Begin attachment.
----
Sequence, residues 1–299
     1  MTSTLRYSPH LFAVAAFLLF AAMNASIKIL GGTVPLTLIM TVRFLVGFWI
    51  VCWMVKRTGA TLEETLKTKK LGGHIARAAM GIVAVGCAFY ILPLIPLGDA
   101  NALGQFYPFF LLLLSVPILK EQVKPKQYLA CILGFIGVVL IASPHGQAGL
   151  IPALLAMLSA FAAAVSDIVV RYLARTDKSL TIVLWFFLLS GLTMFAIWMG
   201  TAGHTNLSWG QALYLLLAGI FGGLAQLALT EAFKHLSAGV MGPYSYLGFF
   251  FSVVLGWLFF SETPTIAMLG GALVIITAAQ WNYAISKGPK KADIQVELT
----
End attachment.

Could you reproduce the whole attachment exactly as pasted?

Sequence, residues 1–299
     1  MTSTLRYSPH LFAVAAFLLF AAMNASIKIL GGTVPLTLIM TVRFLVGFWI
    51  VCWMVKRTGA TLEETLKTKK LGGHIARAAM GIVAVGCAFY ILPLIPLGDA
   101  NALGQFYPFF LLLLSVPILK EQVKPKQYLA CILGFIGVVL IASPHGQAGL
   151  IPALLAMLSA FAAAVSDIVV RYLARTDKSL TIVLWFFLLS GLTMFAIWMG
   201  TAGHTNLSWG QALYLLLAGI FGGLAQLALT EAFKHLSAGV MGPYSYLGFF
   251  FSVVLGWLFF SETPTIAMLG GALVIITAAQ WNYAISKGPK KADIQVELT